Vince Cable hits out at Home Office decision to deport government adviser

The Business Secretary calls the visa rules being applied to the expert academic on UK-China relations “damaging”.

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The New Statesman can reveal that the Business Secretary has criticised the Home Office’s decision to deport the academic Dr Miwa Hirono.

Hirono, a Japanese native who has been working as an academic in the UK for six and a half years, is being sent back to Japan by the Home Office on Sunday.

The academic, who is an expert on UK-China relations and has advised the government on such matters, is a Research Council UK research fellow, which means her research has been funded by the Department for Business, Innovation and Skills.

The Home Office ruled that she could no longer stay, due to her work-related absences from the country in 2009 and 2010 exceeding the 180-day yearly limit. This 180-day rule was brought in after this, in 2012, and Hirono complains that it is therefore being applied “retrospectively” to her case.

In response to the case of Hirono being denied leave to remain, the Lib Dem Business Secretary Vince Cable says:

I am concerned that the way the visa system is being applied is damaging to the country and is unfair to those high skilled individuals this country desperately needs.

Cable adds that his party wants to, “see a visa system which supports economic growth, by ensuring we can continue to attract and maintain global talent.”

Yet the Home Office sticks by its decision based on visa rules. A spokesperson comments:

All applications are considered on their individual merits and in line with the immigration rules. Ms Hirono’s application for indefinite leave to remain was refused in July 2014 because she had spent more than 180 days outside the UK. During the appeal process, Ms Hirono notified the Home Office of her intention to leave the UK voluntarily.

Hirono, who is one of the very few academic experts advising the government on UK-China relations in terms of peacekeeping and cooperation, says she is “shocked” to be being “kicked out by that same government”.

She says, “the government is shooting itself in the foot”, because “they need this kind of infomation. I'm highly sought by the government. I think it's absolutely ridiculous.”

One of her policy papers is published on the government’s website (China’s Engagement in Non-Traditional Security: Challenges and Opportunities for UK-China Cooperation), and she says though her recommendations haven’t been taken on “word for word”, the government is “going ahead in the spirit of my research” and pursuing the next phase of cooperation with China.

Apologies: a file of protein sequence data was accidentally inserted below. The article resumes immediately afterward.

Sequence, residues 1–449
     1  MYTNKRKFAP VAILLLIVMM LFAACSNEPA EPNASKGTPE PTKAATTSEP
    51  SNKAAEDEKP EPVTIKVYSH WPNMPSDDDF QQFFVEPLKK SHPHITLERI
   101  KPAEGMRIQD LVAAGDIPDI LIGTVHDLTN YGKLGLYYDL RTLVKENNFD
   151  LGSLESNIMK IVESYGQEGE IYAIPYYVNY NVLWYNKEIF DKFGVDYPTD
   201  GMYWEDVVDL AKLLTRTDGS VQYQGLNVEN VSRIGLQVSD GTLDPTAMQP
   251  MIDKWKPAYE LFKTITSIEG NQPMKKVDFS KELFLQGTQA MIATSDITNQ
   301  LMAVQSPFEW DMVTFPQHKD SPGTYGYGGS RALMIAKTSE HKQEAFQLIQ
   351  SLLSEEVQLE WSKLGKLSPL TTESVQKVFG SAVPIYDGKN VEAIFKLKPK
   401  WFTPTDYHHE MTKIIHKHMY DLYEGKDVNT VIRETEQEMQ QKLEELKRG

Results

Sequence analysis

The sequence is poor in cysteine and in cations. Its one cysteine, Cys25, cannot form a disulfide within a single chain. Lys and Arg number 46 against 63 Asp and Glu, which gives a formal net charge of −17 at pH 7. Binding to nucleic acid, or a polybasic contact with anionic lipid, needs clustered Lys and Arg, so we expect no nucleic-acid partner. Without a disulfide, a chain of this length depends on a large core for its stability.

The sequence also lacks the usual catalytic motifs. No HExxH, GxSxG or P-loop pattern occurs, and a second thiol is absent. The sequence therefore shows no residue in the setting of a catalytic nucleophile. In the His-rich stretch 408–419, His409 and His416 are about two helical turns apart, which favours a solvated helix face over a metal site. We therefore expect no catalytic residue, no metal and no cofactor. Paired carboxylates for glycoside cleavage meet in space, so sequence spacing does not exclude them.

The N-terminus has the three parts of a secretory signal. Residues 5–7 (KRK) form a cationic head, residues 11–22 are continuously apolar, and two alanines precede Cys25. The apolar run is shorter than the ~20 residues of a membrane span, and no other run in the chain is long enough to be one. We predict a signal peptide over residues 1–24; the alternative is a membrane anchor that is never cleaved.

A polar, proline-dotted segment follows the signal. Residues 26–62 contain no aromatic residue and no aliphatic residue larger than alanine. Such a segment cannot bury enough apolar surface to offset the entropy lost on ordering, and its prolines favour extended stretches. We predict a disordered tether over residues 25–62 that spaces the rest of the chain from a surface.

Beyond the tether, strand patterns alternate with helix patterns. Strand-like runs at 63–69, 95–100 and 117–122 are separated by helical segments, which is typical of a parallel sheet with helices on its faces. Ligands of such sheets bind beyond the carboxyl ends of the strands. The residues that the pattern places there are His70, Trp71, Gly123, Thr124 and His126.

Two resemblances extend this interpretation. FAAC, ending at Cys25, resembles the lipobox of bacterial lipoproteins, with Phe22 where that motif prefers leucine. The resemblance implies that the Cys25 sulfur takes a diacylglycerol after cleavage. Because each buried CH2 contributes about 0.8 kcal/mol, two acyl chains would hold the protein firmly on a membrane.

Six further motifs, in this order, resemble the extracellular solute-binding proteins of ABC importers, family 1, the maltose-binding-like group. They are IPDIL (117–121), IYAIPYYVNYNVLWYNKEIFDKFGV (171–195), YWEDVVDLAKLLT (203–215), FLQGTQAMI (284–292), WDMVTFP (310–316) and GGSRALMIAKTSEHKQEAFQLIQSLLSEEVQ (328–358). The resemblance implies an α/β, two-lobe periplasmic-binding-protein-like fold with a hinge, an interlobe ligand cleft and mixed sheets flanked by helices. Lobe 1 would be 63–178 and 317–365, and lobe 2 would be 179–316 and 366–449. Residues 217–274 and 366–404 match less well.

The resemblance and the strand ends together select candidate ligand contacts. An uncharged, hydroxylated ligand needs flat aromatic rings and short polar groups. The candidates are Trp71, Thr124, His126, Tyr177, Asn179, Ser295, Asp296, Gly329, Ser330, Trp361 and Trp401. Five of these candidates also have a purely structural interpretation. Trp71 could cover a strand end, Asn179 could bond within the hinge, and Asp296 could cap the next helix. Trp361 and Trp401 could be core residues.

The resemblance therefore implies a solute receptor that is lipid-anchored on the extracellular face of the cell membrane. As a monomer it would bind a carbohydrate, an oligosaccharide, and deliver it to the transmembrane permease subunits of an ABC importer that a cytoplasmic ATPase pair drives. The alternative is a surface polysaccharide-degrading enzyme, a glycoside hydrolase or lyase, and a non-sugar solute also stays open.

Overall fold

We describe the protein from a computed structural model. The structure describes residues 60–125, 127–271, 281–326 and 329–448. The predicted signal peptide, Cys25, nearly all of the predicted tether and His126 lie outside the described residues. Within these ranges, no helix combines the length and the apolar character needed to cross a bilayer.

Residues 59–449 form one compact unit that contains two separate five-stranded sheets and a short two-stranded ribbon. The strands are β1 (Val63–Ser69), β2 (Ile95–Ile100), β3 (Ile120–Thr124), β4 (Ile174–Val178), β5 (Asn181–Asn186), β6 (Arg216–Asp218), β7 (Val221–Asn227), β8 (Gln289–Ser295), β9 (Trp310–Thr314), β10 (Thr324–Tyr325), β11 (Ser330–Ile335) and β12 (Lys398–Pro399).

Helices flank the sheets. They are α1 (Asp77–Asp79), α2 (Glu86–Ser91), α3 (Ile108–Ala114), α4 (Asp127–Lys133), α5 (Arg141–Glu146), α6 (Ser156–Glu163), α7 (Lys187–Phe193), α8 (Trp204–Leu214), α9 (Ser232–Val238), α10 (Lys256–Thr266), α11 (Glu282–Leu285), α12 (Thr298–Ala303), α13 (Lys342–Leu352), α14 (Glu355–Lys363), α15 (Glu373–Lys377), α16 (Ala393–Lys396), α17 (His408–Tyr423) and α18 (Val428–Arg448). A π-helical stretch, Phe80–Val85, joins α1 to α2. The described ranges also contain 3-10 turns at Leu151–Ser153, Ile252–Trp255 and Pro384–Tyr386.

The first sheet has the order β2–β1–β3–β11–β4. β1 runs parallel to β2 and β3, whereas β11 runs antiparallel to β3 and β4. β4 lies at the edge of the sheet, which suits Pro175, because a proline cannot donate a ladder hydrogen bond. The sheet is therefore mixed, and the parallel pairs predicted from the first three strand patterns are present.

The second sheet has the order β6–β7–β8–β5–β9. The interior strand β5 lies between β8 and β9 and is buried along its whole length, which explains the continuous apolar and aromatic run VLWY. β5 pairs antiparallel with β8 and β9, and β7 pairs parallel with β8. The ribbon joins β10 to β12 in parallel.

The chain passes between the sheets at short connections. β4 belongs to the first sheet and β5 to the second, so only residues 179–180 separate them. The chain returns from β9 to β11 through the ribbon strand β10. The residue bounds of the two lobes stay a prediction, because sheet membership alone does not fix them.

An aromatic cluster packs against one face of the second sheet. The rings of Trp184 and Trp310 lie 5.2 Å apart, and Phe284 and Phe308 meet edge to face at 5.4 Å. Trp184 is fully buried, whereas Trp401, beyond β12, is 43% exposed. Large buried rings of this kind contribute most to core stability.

One well-placed source tells me that when British and Chinese representatives met at the Embassy in London to discuss cooperation, Hirono was the sole academic invited to attend.

Hirono is leaving on Sunday with her husband and one-year-old son. She will start working at the Ritsumeikan University next Tuesday.
 


 

“I thought there was a mistake,” she says about receiving the letter from the Home Office. “I thought I must be having a nightmare, but it was actually a reality. I'm totally shocked.”

Before she arrived in the UK, she saw it as a welcoming country. “Although I didn't know much about it, I kind of assumed, I trusted the government that they have common sense.

“As long as I work hard, contribute to society, contribute to the university, and I don't commit any crimes, I pay tax, all the common sense stuff, and I have a permanent position, surely I can extend my stay. That's the kind of trust I had. But it proved to be wrong.”

Hirono is now planning on a “campaign” for the Home Office to change its rules about being absent from the UK. It found Hirono’s justification that she was out of the country for “work-related” matters – not for leisure – not to be a “compelling” reason to let her stay. Hirono wants this to change:

“The most important thing from my perspective is that the UK needs to change the law from saying that work-related absences are the same as holiday absences; they regard work-related absences as ‘not compelling’. I think that's absolutely, utterly ridiculous. 

“I'm thinking about doing some kind of campaign – I don't really know how exactly I can do that because there's not much time for me, in the midst of packing and everything, and I have to leave on Sunday – but I really want to do something to change that part of the law, so that UK businesses, including higher education and the people who are working in those industries, can be safe staying here and working hard.”

According to the Home Office, migrants who wish to settle must show "a commitment to living and working in the UK". The new rules introduced in 2012 give migrants an 180-day limit for being absent from the UK each year and still qualify for settlement. The department asserts that this is more generous than the old rules, which "only allowed six months absences in total over the whole five years".

Hirono’s refusal notice states her employment was considered as part of her application. It says:

You failed to provide compelling or compassionate evidence of your circumstances which would necessitate you exceptionally needing to remain outside the UK for a total of 270 days between 21/3/2009 and 20/3/2010 and 202 days between 21/3/2010 and 20/3/2011.

Read Hirono’s account of this case on Times Higher Education.

Anoosh Chakelian is senior writer at the New Statesman.